Directed by: Larry Charles
Written by: Sacha Baron Cohen, Anthony Hines, Peter Baynham, Dan Mazer
Starring: Sacha Baron Cohen, Ken Davitian, Luenell, Pamela Anderson
Documentaries typically serve as an educational tool to shed light on a particular topic, even if it contains a political slant in its storytelling. Regardless, they remain vital. Then we have mockumentaries, which attempt to take on topics through a brazenly comedic tone and execution. When done well, they can be truly hilarious, which happened to be the case of Borat. An unbelievable filming process, which may be regressive but demonstrates complete fearlessness by its star.
Borat (Sacha Baron Cohen) is a journalist from Kazakhstan, who has been sent to the United States to film a documentary to learn more about the supposed “greatest country in the world.” While attempting to learn more about American culture, Borat’s customs clash with western ideals, and the people filmed were unaware of what they had in store.
The experience of watching Borat begins with a cycle of it appearing to be a funny mockumentary to the shock of realizing the participants in the feature were mostly unaware of what Sacha Baron Cohen would be doing with this character. Learning more about the behind-the-scenes process of this feature makes it even more shocking to see what the final product became. It begins with Borat leaving his town in Kazakhstan, where he essentially mocks his own people with how primitive and behind they are before heading to the United States. He lands in the country to culture shock the people he interacts with. While Borat’s mission remains to capture more about the United States, it shifts when he falls in love with Pamela Anderson through an episode of Baywatch, and becomes determined to marry her.
All of the segments with other people are shocking because they’ve all been made to believe it was a genuine documentary of a man from Kazakhstan trying to learn more about this nation. All of the individuals signed a release to avoid any litigation on the back end, which allowed Sacha Baron Cohen to then unleash the wildness of this character. Segment after segment stunned me with how the man could keep a straight face while the real people genuinely could not fathom what he was doing. The scene where he interacts with a feminist group made me want to sink into my seat. It shows the women trying to genuinely educate him on the tenets of feminism, while he mocks it with a straight face. Their shock at what he said during their conversation showed some incredible patience until it ran out.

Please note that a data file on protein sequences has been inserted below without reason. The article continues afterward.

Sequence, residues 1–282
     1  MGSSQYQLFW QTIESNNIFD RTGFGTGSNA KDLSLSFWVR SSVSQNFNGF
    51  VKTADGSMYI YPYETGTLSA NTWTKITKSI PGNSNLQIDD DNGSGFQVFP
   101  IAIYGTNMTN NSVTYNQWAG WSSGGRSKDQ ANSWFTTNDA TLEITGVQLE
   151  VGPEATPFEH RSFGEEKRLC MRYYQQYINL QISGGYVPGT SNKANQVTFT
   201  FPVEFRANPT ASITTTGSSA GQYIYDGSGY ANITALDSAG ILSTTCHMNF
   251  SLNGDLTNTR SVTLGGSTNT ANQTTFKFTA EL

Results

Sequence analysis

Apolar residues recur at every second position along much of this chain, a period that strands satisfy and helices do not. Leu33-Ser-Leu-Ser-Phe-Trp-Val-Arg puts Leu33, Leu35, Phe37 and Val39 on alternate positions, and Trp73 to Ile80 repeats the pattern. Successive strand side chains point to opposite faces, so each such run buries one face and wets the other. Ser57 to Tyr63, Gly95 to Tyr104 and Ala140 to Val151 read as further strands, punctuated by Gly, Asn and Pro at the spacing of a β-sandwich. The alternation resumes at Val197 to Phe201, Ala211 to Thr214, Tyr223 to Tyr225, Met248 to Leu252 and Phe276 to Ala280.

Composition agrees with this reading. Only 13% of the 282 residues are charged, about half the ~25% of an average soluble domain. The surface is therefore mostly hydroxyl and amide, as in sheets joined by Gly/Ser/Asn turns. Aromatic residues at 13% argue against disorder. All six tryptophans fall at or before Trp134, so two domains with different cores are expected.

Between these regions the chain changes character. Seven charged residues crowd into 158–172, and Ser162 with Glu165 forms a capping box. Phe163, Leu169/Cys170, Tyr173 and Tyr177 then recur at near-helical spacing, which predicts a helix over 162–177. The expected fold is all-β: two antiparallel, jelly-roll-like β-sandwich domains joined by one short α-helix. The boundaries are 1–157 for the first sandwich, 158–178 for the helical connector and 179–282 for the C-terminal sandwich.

So many moments throughout the film showed the ugly side of this nation and the way Borat would toy with them made it so funny. In one scene, he gets in a vehicle with some fraternity brothers from a southern college, where he goads them into saying offensive material, which they gladly accept and genuinely jump on. These college guys say some heinous things, which only makes the premiere of this film and their wide-scale embarrassment funnier when they try to contextualize their ignorance. While the film genuinely has some incredible comedy, I more so respect the effort by Sacha Baron Cohen as he fully goes for it. The sheer bravery it takes to look people in the eye and represent such a regressive person without breaking shows some incredible skill. This comes from someone who could not successfully complete a prank call when younger. Borat became the most elaborate prank call ever made.
With the comedy comes the shortfalls and those who did not deserve to be mocked. While people like the fraternity brothers should have been exposed for their vile beliefs, the character of Borat represents a stereotype of eastern people with regressive beliefs. It paints a picture of a culture, which Americans always put into a monolith as a group of people behind the times. While the comedy works, the underlying impact builds upon those harmful beliefs. It occurs at its worst at the beginning where it films at a Romanian village named Glod. The people there could not understand what he said and participated with the filming as Sacha Baron Cohen spoke about how they must be from the middle ages with their practices. Something that did not sit well with them upon the film’s release, as they learned how they have been portrayed.
Borat will make you laugh, cringe, and make you want to close your eyes from the awkward situations the titular character finds himself in. It makes for an incredibly unique feature film experience with the sheer lunacy taking place as Borat travels the nation and makes fools of the people inhabiting it. The movie shows what people say when they’re comfortable and who stands by their principles. It serves as a reflection of our culture and it holds nothing back in that regard. Certainly, a film worth experiencing because Sacha Baron Cohen does something incredibly special and deserves praise.